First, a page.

The Iron Trial, by Holly Black and Cassandra Clare

The Iron Trial, by Holly Black and Cassandra Clare (Scholastic, September 2014, upper middle grade), follows a familiar pattern, but includes sufficient depths of worldbuilding and  imagination and  twistiness to make it work very nicely indeed as its own thing.

Familiar pattern 1:  a boy (a smart-aleck misfit) finds he has magical powers, and is chosen to attend a special school for magic, run by mages in a collective known as the Magisterium.

Differeneces:  Callum Hunt, the boy in question, did not want to be chosen, and wants to fail.  If he fails, his father will be happy, and he won't have to worry about being subsumed into the warped underground world of the Magisterium that his father has warned him about (the elemental mages are based in a cave system modeled on Lurray Caverns in Virginia, a truly magical place that I love).    He is not a golden boy of obvious specialness--he is prickly, uncooperative at school, and a smart aleck.  And he has a bad leg--multiple surgeries haven't been able to fix his limp.   (And this isn't just a handicap-as-accessory-- Callum can't forget about it, and the authors make sure the reader realizes this, and magical healing isn't an option).

 Familiar pattern 2:  The boy has great magical potential, and is taken in by the number 1 mage teacher as one of his three apprentices.  The reader (ie, me) wonders if he is a Chosen One of Specialness, and is grateful not to have to read a rhyming prophecy of distressing scansion.

Differences:   Well, maybe Callum is special--there's certainly things about him that the reader (and Callum) wonder about.  For one thing, Callum's dying mother wanted his father to kill him when he was an infant (we learn this right at the beginning, so it's not a spoiler).  For another thing, there's the whole business of why Callum's father is so determined that he not learn magic.  But I shan't say if he is Chosen or not....it is a twisty journey that leads to the answers,  and better left unspoiled.

Familiar pattern 3:  At magic school, he makes two good friends, a boy and a girl, and the girl is smart and determined, and the boy is a truly nice sort, ready to be friends even though Callum is all prickly.  There is a mean boy who wants to be better at magic than Callum.

Differences:  They aren't named Hermione and Ron and Draco.  They are different in other ways, as well...........

Familiar pattern 4:  There is a bad magic dude, who caused a war that decimated the previous generation of not bad magic users.   The Magisterium  is worried that the bad dude and his chaos-warped minions are going to rise again and fight more.  But before we get to that point, we have lots of time to read about the threesome at school, learning a. magic and b. to trust each other.

Differences:  Trust me on this one.  Riveting twists!  (if twists can rivet).  Riveting questioning of what makes a person who they are!

So the whole ensemble is a really satisfying story, full of lots of lovely small mundane details and larger, un-mundane details about learning magic, and even larger details describing various adventures and confrontations, building up to the big plot happening.  

It's one I can imagine wanting to re-read (if the number of books in my tbr pile ever diminishes sob sob).  And that is pretty much the best compliment I can pay a book.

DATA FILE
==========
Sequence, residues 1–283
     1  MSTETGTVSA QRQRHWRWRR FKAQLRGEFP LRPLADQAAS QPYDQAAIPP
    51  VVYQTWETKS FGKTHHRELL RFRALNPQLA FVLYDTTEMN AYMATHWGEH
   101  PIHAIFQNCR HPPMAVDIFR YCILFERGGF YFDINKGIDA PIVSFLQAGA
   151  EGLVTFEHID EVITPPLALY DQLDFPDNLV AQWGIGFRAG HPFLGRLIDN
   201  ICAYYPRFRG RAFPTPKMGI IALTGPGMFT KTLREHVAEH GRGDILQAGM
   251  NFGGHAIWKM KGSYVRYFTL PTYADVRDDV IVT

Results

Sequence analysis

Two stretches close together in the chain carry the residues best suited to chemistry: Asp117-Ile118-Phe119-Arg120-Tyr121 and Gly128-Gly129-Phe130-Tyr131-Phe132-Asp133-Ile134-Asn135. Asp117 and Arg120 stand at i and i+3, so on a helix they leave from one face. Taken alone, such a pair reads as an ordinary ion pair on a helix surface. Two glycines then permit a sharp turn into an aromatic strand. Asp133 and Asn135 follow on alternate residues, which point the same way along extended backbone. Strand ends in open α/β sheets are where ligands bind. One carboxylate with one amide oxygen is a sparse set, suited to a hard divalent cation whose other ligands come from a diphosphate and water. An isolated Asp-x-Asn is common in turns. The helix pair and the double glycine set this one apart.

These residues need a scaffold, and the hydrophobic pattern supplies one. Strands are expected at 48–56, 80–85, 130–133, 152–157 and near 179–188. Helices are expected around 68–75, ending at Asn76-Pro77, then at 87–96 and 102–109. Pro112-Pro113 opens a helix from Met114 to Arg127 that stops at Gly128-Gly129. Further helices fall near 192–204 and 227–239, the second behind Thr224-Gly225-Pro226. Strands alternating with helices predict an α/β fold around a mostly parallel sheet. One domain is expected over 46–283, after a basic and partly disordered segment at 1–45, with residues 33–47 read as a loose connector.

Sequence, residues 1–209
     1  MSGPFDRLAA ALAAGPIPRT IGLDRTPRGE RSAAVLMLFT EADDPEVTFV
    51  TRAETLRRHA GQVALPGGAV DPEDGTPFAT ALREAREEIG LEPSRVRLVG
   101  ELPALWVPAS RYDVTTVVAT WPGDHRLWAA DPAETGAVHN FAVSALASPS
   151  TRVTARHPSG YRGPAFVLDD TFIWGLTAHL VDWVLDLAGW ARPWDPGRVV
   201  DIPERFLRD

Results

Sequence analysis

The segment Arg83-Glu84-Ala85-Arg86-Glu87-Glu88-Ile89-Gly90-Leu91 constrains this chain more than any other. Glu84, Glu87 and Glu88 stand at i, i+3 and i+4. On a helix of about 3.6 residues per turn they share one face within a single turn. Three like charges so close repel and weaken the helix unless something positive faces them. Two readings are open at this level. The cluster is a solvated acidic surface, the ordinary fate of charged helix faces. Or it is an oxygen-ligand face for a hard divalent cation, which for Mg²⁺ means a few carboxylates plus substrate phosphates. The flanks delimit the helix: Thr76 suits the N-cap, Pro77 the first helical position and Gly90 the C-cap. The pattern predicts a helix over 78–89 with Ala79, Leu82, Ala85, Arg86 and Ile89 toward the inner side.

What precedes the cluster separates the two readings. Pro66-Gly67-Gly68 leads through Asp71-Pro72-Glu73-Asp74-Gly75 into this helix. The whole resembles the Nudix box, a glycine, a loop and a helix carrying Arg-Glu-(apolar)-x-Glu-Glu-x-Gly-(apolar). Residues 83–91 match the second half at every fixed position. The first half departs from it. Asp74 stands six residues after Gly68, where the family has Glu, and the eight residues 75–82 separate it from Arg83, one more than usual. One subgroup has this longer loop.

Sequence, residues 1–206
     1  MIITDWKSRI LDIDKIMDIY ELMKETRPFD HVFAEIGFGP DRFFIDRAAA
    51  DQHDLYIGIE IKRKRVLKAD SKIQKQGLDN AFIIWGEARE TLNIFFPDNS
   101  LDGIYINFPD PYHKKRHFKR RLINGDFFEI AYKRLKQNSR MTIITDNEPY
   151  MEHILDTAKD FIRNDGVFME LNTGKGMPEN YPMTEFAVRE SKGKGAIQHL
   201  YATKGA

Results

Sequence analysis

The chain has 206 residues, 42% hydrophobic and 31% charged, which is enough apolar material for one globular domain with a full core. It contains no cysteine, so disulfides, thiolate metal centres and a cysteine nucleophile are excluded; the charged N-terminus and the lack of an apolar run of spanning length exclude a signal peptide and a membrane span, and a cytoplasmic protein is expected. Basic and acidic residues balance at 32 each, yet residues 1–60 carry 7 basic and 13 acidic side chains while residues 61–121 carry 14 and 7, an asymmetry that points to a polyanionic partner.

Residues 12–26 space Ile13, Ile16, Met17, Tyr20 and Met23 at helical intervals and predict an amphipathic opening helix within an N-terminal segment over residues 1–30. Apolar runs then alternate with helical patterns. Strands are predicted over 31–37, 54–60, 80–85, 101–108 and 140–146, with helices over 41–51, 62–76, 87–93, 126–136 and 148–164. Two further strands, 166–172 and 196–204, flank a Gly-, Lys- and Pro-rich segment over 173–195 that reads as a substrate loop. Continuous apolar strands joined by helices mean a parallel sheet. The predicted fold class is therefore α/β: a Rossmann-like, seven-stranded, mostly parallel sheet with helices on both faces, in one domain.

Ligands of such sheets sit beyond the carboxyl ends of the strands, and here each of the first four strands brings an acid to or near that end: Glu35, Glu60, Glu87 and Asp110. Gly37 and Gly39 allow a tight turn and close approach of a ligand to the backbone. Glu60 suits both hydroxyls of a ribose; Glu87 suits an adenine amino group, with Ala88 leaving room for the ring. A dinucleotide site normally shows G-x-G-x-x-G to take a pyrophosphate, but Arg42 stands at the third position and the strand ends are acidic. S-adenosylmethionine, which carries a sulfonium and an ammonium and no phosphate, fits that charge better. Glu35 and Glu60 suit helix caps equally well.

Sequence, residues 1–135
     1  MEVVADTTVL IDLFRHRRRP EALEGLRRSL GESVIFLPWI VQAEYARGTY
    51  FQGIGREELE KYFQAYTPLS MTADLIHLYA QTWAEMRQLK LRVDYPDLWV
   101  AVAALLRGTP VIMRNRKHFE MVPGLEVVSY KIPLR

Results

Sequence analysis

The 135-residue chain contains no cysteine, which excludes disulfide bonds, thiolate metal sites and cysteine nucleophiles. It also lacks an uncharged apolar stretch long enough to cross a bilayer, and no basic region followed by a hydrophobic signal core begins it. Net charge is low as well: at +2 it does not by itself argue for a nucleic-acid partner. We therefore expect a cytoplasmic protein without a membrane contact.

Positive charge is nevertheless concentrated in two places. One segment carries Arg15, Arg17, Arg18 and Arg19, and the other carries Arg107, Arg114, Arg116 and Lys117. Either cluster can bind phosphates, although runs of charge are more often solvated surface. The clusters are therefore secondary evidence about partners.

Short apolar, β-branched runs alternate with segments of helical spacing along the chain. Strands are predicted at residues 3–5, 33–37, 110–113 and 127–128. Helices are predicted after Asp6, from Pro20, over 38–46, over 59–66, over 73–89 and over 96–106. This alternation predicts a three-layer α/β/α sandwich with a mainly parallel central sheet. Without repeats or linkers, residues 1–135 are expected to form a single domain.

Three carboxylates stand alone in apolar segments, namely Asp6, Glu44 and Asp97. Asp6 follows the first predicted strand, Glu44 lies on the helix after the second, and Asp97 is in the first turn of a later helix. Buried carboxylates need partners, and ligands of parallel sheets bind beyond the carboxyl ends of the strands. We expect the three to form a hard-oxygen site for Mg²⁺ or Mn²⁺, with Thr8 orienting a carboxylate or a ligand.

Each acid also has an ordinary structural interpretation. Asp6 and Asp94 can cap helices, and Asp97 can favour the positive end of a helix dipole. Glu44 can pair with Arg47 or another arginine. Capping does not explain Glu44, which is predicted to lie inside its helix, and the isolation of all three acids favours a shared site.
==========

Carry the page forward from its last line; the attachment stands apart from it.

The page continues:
I will also pay it the compliment of not handing my review copy on to the library, but instead handing it to my handy member of the target audience, pretty sure he will enjoy it lots too (he is currently reading The Witch's Boy, by Kelly Barnhill, and has told me he will hand that one over to me when he's done, pretty sure I will enjoy it lots too right back at me).

Bonus:  illicit wolf puppy of great cuteness kept secretly by Callum and his two friends in their underground rooms. 

Final answer: very good indeed.

disclaimer: review copy received from the publisher


  1. I have an ARC waiting for me right now! I had loaned it to our awesome school secretary, who also made parallels to Harry Potter, but hey, it's got an illicit cute wolf pup! Will have to take a look sooner rather than later!

  2. So glad you liked this. Me too. And your review really shows how a familiar theme can be made different. Definitely twist in the story too.

  3. We just had this at our book fair and I hadn't heard of it. Thanks for the review.

  4. The Witch's Boy was so good.

    I thought this one was a bit too similar to HP, but thought the ending promised good things for the next book.

  5. Oh, YAY! I've heard a lot, but you're the first person I know who's done a review, so huzzah that it's good. It also gives me hope to see besties write a book together and make it work. It's nice to see Holly Black returning to MG where she started - and dragging Cassandra Clare along for the ride.

  6. Ha, ha had to laugh over not having any "rhyming prophecy." I also really enjoyed this book, especially the wolf pup and Warren. I had wondered what Caverns the authors chose for the setting, it does add lots of mystery to the story. Great review and breakdown between the familiar and differences.

  7. What! The protagonist has a physical disability that

    1. actually inconveniences him
    2. can't be cured by magic
    3. doesn't make him into a saint or a villain?

    I'm there! :-)!

  8. I am extremely happy to read your review of this one because I was sceptical of the...well, everything. I have a love/hate relationship with books from both authors and am always worried when authors like that experiment with another reading level. I was worried this would be a little too unoriginal. Your breakdowns helped me decide that, yes, I am looking forward to this book! Now if only my library would order it... ;)

  9. I started this book last night and am now off to ignore making dinner to finish it.


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